Marshmallow has been reviewing the illustrated editions of J.K. Rowling’s Harry Potter series for the book bunnies blog. In the past few years she has read and reviewed the first four books, Harry Potter and the Sorcerer’s Stone, Harry Potter and the Chamber of Secrets, Harry Potter and the Prisoner of Azkaban, and Harry Potter and the Goblet of Fire, all written by J.K. Rowling and illustrated by Jim Kay. This week, when the fifth book, Harry Potter and the Order of the Phoenix, finally appeared in the illustrated version, Marshmallow was able to get her paws on a copy and reread it once more. Below is her review of this book.
Marshmallow’s Quick Take: If you like books about magic and friendship, or if you have enjoyed the previous Harry Potter books, then this might be the book for you. (If you have not read any of the first four books yet, you might be better off starting from the beginning.)
Marshmallow’s Summary (with Spoilers): Harry Potter is a teenage boy who discovered on his eleventh birthday that he was a wizard (Harry Potter and the Sorcerer’s Stone). Since then his life has been transformed as he attends the Hogwarts School of Witchcraft and Wizardry. Not to mention that he is extremely famous as the boy who survived when Lord Voldemort, the Wizarding World’s most infamous villain, tried to kill him. When Voldemort failed to kill him, it was believed that the curse he released on Harry rebounded and killed Voldemort instead. However, in the four years Harry has attended Hogwarts, Voldemort has made several attempts to return. His first few attempts, chronicled in Harry Potter and the Chamber of Secrets and Harry Potter and the Prisoner of Azkaban, were eventually foiled, but unfortunately, last year, in the climax of Harry Potter and the Goblet of Fire, he succeeded. So at the beginning of this book, Lord Voldemort is back.
The bad part, besides the whole “worst wizard in the world has returned” part, is that the Wizarding World refuses to believe Harry when he tries to convince them that Voldemort is back, since he was the only witness to Voldemort’s return who is not working for Voldemort, and as expected, none of the others are talking. The entire Wizarding World believes now that Harry is no longer the miraculous boy who lived, but instead he is a nutjob conspiracist. Dumbledore, Hogwart’s headmaster, supported Harry’s claim and is now being demoted, with people insisting that he must be going senile.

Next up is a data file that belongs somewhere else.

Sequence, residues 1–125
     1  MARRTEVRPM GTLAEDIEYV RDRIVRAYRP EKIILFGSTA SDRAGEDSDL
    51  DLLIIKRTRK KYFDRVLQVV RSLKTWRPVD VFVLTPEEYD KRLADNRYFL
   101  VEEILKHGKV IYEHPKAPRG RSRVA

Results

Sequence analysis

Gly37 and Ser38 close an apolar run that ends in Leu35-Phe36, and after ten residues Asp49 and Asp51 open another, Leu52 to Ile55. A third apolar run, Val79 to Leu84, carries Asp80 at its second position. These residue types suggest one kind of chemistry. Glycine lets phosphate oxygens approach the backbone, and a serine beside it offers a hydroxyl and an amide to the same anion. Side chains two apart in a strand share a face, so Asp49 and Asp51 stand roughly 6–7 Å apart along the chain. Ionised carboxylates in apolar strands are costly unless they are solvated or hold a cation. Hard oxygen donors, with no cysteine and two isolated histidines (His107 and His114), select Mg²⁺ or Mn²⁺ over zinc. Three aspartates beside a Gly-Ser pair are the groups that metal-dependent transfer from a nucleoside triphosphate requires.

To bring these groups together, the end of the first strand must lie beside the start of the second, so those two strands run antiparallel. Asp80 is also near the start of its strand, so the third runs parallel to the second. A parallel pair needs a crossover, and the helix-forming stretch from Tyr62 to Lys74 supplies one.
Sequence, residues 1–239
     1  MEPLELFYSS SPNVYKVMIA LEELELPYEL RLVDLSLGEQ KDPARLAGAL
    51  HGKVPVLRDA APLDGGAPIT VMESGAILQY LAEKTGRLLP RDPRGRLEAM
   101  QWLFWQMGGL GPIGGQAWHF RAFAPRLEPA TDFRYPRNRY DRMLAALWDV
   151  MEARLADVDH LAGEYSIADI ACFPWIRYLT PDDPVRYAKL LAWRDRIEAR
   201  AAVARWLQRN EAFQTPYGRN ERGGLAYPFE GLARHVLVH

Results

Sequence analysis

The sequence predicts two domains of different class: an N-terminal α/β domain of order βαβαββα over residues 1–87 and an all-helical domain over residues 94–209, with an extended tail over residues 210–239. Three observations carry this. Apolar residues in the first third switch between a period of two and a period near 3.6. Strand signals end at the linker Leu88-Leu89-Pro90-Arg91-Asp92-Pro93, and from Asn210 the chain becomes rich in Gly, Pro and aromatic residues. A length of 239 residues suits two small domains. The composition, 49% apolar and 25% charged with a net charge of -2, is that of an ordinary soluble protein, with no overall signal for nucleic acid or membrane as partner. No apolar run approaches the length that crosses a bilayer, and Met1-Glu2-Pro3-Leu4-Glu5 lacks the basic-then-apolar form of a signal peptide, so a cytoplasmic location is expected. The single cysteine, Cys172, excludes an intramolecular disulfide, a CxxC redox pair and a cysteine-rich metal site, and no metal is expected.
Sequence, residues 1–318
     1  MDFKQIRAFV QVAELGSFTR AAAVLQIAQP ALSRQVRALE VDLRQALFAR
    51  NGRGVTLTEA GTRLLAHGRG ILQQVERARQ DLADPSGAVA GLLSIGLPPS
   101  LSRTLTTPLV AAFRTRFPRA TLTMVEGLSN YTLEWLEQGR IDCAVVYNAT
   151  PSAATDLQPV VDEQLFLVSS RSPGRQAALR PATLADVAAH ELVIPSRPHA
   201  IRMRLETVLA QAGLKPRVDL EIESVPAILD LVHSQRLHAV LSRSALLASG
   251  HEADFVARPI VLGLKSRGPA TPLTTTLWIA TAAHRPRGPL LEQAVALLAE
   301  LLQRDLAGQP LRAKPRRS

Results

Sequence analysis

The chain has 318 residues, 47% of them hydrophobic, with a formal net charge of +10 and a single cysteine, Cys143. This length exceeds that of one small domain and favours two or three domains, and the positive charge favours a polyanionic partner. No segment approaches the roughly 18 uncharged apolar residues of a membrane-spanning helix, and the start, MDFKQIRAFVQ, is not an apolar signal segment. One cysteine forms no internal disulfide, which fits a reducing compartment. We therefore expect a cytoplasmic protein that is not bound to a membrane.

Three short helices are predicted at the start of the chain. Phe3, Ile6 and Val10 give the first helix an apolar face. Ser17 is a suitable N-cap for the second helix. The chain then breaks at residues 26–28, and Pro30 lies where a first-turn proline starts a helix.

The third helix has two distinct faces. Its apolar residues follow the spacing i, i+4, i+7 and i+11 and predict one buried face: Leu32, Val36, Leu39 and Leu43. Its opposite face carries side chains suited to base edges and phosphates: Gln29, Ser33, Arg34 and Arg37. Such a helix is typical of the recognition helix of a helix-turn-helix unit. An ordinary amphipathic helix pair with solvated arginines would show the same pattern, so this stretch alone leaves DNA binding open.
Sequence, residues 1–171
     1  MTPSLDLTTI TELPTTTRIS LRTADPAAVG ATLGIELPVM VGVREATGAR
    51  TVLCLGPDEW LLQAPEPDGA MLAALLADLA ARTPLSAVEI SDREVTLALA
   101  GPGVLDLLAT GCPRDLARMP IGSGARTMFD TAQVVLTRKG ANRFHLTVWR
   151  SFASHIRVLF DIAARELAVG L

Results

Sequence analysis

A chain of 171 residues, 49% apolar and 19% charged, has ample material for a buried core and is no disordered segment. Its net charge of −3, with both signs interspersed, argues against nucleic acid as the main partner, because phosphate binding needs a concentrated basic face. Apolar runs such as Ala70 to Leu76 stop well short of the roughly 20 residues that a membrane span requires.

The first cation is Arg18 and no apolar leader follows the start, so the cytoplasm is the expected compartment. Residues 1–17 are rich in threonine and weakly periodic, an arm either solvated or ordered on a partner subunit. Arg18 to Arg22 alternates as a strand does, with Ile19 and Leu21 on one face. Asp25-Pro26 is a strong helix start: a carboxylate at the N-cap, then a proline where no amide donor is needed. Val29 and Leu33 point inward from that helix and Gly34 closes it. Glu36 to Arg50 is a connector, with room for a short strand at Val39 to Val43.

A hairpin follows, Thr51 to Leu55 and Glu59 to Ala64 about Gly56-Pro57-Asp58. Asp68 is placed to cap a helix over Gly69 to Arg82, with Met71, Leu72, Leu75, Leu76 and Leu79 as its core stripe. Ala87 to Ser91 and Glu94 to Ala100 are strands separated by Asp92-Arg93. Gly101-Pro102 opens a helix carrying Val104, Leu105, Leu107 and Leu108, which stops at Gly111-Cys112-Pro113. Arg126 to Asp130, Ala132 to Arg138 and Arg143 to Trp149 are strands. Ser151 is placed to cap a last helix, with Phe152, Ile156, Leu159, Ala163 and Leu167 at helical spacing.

Since Harry only attends Hogwarts during the school year, he must spend most of the summer at the house of his aunt Petunia and uncle Vernon (with his obnoxious, bullying cousin Dudley). Aunt Petunia and Uncle Vernon despise magic as they are Muggles, or un-magical people, like the rest of us. (Harry’s parents were both wizards, but they were killed the night that Harry survived Voldemort’s curse.) Whenever Harry stays at his aunt and uncle’s, he is cut off entirely from the world of magic. Generally, his best friends, Ron and Hermione, send letters, but this summer, Harry only receives cryptic messages from them, saying that they are not allowed to tell him too much about what they are doing.
Harry is thus feeling rather lonely and unhappy, when his predicament is much worsened by a sudden dementor attack. Dementors are foul creatures that feed on the despair of humans and can suck souls. Harry must use a spell to stop them from doing just that to his cousin Dudley (despite the fact that he hates him). However, underage wizards (like Harry) are forbidden from using magic in front of Muggles. As a result, Harry receives messages that inform him that he is to be tried for his behavior. So far it seems that everything is against him, and it is about to get a whole lot worse.
Marshmallow’s Review: I have loved all of the Harry Potter books I have read (as well as pretty much every book written about this Wizarding World). The author has created a magical but realistic world with unique characters and undetectable plots. This fifth book is no exception.
As Harry is getting older, his world is becoming more and more dangerous, and the story is getting a lot scarier. Though I enjoyed this book immensely, and I watched the movie version with much excitement, I’d definitely urge caution for younger bunnies who might not yet be ready for this much tension.
The original version of the book, Harry Potter and the Order of the Phoenix, was already amazing, but this illustrated version is even more special. It is beautifully drawn by Jim Kay together with Neil Packer, filled with images and drawings relating to the story. The characters and events are portrayed in large, detailed drawings, each page is different, and I enjoyed diving into the images when I took my eyes away from the words.
The Order of the Phoenix is the longest of the seven Harry Potter books, so this illustrated version is a really big book, almost like an encyclopedia volume. But it is beautiful to behold. I very much enjoyed returning once more to Harry’s world in this illustrated edition.
Marshmallow’s Rating: 100%.